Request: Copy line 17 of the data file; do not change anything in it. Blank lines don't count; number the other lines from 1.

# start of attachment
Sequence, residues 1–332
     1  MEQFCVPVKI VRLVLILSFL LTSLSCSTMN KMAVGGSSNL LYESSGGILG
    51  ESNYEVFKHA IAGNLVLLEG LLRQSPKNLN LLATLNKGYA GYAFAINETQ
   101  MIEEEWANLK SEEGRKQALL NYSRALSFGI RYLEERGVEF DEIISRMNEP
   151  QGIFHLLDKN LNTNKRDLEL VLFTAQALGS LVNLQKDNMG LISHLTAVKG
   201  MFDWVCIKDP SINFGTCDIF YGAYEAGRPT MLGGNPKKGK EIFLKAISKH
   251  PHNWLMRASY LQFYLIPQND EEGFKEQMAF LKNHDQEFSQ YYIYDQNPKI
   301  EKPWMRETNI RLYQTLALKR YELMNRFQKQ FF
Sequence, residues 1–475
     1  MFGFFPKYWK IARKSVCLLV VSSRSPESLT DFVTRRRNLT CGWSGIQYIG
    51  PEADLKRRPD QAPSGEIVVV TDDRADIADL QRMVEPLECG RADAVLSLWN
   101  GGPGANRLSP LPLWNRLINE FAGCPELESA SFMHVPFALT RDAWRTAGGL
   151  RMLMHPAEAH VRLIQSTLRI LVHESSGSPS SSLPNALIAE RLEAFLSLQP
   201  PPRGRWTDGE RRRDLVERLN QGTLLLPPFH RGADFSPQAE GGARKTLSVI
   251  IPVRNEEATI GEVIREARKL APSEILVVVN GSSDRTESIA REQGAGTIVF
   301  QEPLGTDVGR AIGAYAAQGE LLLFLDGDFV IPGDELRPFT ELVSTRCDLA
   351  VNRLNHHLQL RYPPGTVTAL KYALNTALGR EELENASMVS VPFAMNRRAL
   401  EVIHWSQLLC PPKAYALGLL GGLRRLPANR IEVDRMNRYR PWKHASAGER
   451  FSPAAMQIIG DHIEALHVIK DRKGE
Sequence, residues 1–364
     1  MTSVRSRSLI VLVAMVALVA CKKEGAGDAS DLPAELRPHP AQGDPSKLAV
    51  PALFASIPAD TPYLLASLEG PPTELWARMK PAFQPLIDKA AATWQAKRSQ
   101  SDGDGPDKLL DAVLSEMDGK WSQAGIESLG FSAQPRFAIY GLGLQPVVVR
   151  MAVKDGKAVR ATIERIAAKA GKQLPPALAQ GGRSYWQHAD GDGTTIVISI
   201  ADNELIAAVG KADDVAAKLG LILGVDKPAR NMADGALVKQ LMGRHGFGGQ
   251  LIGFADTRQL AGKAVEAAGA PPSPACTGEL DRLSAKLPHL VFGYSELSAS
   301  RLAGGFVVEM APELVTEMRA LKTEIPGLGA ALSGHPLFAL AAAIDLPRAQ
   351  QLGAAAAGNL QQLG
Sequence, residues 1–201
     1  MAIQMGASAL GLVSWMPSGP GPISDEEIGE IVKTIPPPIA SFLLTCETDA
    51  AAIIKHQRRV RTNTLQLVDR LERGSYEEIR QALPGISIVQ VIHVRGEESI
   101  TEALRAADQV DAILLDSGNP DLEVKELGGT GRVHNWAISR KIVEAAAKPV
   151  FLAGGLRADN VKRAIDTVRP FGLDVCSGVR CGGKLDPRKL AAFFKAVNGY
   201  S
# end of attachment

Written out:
   351  VNRLNHHLQL RYPPGTVTAL KYALNTALGR EELENASMVS VPFAMNRRAL